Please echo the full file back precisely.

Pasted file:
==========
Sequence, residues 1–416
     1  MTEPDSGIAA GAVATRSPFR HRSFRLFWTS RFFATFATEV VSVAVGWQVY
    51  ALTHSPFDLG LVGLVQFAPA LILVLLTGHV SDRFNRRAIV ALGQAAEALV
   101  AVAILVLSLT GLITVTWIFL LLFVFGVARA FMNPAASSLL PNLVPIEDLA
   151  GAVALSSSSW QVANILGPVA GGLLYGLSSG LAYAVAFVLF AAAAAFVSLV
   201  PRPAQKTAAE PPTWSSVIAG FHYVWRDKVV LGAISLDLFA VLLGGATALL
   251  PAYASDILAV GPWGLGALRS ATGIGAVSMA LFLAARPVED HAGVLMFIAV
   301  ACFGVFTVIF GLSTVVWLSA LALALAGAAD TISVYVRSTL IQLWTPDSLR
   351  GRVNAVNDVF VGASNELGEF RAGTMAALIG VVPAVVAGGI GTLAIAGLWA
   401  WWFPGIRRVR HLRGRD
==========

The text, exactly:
Sequence, residues 1–416
     1  MTEPDSGIAA GAVATRSPFR HRSFRLFWTS RFFATFATEV VSVAVGWQVY
    51  ALTHSPFDLG LVGLVQFAPA LILVLLTGHV SDRFNRRAIV ALGQAAEALV
   101  AVAILVLSLT GLITVTWIFL LLFVFGVARA FMNPAASSLL PNLVPIEDLA
   151  GAVALSSSSW QVANILGPVA GGLLYGLSSG LAYAVAFVLF AAAAAFVSLV
   201  PRPAQKTAAE PPTWSSVIAG FHYVWRDKVV LGAISLDLFA VLLGGATALL
   251  PAYASDILAV GPWGLGALRS ATGIGAVSMA LFLAARPVED HAGVLMFIAV
   301  ACFGVFTVIF GLSTVVWLSA LALALAGAAD TISVYVRSTL IQLWTPDSLR
   351  GRVNAVNDVF VGASNELGEF RAGTMAALIG VVPAVVAGGI GTLAIAGLWA
   401  WWFPGIRRVR HLRGRD